The hen harrier, sometimes called the ‘skydancer’ because of its amazing acrobatic display in the breeding season, is one of England’s rarest birds and is legally protected. Illegal killing of hen harriers has long been thought to limit their population size, but identifying the scale of these crimes and their impact on harrier populations has been difficult because they occur in remote areas and evidence is likely to be destroyed, thus successful prosecutions are rare. This long-term study has enabled patterns of disappearances to be assessed across a large number of birds. This provides overwhelming evidence that illegal killing is occurring on some grouse moors, where some gamekeepers view hen harriers as a threat to their grouse stocks.
Stephen Murphy from Natural England led the data collection and commented: “Natural England welcomes the publication of this study, which demonstrates the value of tagging as a legitimate conservation tool. These analyses are a significant step in understanding the fate of tagged hen harriers, and confirm what has long been suspected – that illegal persecution is having a major impact on the conservation status of this bird.”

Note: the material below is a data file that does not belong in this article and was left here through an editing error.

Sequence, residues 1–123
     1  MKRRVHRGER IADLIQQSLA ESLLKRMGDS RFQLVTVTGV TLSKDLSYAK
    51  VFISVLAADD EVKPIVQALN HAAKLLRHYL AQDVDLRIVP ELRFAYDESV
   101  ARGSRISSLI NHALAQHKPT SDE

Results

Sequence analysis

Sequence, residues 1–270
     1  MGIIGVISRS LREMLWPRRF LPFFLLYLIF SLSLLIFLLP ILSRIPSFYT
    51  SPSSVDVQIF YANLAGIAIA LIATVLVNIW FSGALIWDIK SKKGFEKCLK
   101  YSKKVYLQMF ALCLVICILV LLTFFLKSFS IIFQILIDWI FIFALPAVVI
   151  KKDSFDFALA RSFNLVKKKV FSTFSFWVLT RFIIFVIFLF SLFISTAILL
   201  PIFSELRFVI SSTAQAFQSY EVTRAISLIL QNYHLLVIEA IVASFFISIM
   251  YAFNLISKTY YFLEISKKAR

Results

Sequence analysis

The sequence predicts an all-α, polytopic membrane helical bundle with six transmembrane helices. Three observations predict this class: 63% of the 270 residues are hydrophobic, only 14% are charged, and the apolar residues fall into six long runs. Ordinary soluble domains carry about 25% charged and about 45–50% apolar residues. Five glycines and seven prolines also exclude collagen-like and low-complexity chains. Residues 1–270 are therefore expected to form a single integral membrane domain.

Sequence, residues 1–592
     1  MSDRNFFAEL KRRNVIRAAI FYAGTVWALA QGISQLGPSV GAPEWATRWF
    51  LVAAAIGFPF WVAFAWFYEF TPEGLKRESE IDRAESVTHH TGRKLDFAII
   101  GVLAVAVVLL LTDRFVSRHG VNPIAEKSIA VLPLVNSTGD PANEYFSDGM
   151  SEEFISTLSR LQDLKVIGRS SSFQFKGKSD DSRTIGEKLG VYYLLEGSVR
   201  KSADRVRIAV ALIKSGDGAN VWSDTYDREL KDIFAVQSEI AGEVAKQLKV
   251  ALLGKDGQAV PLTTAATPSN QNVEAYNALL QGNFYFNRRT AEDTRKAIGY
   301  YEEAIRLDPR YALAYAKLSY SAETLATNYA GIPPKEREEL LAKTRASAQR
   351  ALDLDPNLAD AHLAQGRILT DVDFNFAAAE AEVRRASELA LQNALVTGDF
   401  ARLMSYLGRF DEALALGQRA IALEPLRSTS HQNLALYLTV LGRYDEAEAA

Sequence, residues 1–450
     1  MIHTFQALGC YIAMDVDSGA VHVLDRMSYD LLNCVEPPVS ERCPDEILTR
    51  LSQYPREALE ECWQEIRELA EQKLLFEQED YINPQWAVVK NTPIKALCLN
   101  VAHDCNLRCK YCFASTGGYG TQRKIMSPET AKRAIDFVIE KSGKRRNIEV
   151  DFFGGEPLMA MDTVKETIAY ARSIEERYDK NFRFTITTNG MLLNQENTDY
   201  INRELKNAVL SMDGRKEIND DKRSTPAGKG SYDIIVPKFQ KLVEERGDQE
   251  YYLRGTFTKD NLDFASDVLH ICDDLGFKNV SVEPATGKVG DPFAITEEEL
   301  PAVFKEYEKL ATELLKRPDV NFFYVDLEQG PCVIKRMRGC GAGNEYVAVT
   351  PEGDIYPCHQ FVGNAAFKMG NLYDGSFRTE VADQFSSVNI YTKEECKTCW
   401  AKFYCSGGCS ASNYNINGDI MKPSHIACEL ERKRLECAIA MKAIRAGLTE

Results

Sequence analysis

Dr Megan Murgatroyd, from the University of Cape Town, who is the lead author of the study said: “Natural England’s long-term commitment to this tracking study has yielded an important dataset involving over 20,000 individual fixes. This is a remarkable achievement for a species whose population in England has averaged only a handful of pairs for the last few years. Whilst dead harriers can be disposed of, the pattern of hen harrier disappearances revealed by this data could not be hidden. [Ed: She’s clearly been listening to Dr Hugh Webster – that’s his line!] The multiple levels of analyses of the data have all led to the same robust conclusion that hen harriers in Britain suffer elevated levels of mortality on grouse moors, and this is most likely the result of illegal killing.“